Houses in Multiple Occupation: Guidance on Planning Control and Licensing

Guidance on planning control and licensing in relation to Houses in Multiple Occupation.


5. HMOs provide a vital source of accommodation, and planning authorities should seek to ensure that an adequate supply is available to meet demand. Demand for HMOs should be met where it arises, and local authorities should consider HMOs when developing local housing strategies and development plans.

6. There is no definition of a HMO in planning legislation; for the purposes of licensing, Part 5 of the Housing (Scotland) Act 2006, as amended, defines that living accommodation is a HMO within the meaning of the Act if it is:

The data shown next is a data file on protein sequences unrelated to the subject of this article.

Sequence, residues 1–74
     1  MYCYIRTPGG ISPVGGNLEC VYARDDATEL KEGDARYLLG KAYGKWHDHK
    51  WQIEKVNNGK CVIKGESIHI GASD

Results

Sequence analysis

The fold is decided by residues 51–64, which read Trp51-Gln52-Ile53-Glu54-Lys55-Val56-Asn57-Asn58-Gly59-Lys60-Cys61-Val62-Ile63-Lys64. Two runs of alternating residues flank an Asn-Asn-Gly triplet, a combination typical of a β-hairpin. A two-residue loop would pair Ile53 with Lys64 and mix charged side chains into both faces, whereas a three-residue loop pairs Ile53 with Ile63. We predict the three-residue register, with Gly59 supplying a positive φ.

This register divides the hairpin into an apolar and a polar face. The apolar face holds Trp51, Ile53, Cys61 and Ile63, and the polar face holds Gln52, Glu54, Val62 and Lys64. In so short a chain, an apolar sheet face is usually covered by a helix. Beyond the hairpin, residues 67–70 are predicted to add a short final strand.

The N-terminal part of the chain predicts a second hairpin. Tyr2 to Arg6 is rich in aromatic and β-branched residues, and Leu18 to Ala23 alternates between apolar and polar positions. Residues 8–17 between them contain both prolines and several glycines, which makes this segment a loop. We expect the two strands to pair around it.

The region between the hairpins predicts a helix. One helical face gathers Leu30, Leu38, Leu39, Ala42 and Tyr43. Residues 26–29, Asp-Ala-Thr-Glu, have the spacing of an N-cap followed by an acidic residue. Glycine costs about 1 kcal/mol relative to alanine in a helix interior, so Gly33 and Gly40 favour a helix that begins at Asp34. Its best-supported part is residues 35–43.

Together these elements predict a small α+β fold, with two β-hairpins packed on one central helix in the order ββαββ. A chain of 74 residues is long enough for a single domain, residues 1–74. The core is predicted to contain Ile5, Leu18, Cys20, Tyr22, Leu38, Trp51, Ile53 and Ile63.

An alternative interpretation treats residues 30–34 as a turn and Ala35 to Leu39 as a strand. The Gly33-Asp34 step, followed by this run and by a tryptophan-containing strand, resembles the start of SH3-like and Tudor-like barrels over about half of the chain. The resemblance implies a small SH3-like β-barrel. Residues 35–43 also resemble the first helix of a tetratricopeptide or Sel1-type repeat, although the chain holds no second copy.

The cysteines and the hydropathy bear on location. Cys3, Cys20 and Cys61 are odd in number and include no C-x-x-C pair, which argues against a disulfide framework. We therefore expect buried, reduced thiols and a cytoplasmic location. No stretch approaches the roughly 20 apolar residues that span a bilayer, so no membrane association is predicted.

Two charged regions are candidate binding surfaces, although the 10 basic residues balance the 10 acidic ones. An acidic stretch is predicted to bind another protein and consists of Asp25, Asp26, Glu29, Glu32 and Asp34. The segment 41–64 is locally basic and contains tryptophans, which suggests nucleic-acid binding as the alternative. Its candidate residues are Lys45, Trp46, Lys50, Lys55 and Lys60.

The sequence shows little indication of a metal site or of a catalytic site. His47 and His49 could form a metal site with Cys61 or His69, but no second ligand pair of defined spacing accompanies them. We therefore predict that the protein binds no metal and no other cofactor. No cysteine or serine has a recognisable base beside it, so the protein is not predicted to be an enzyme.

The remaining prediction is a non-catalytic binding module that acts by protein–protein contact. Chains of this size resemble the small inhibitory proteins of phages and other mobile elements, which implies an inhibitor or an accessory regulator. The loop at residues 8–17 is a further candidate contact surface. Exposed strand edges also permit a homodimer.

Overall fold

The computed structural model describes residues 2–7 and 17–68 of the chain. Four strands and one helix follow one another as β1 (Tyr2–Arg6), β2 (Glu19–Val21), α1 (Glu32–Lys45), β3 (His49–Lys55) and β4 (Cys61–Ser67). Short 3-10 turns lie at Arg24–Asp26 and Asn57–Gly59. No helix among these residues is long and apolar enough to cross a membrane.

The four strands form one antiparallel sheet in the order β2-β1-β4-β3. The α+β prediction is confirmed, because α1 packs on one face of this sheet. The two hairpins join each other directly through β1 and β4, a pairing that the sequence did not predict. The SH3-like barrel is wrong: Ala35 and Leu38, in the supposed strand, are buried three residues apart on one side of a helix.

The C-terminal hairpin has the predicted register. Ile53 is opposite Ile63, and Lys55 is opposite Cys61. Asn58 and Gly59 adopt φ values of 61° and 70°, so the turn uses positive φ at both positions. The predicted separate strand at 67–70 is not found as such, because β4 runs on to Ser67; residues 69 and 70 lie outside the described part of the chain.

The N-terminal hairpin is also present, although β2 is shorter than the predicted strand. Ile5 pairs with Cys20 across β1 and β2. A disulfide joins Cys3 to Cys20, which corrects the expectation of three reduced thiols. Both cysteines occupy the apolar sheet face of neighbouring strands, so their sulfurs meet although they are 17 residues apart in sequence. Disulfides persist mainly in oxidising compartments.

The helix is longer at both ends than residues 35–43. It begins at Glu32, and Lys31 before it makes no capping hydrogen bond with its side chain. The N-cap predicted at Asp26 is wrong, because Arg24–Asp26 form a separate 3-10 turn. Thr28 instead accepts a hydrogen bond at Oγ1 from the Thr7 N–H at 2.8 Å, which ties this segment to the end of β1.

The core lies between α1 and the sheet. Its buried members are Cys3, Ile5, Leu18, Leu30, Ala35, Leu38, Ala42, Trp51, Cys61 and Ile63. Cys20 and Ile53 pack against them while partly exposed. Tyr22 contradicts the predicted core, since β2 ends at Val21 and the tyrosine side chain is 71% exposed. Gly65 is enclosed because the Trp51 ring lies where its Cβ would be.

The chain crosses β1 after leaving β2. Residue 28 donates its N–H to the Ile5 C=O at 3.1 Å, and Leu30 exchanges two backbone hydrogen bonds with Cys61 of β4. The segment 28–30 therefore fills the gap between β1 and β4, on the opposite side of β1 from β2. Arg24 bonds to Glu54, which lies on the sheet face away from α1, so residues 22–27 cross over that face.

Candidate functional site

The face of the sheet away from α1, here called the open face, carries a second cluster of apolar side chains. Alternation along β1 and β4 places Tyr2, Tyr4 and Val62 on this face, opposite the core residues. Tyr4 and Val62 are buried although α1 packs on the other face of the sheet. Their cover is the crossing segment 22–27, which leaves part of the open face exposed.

• occupied by three or more persons from three or more families, and
  • occupied by them as their only or main residence or in some other manner specified by the Scottish Ministers by order, and
  • either a house, premises or a group of premises owned by the same person with shared basic amenities, or some other type of accommodation specified by the Scottish Ministers by order.

The formation of a HMO will not always require planning permission. Planning permission for a HMO is generally required only where use as a HMO is considered to be a material change of use [2] .


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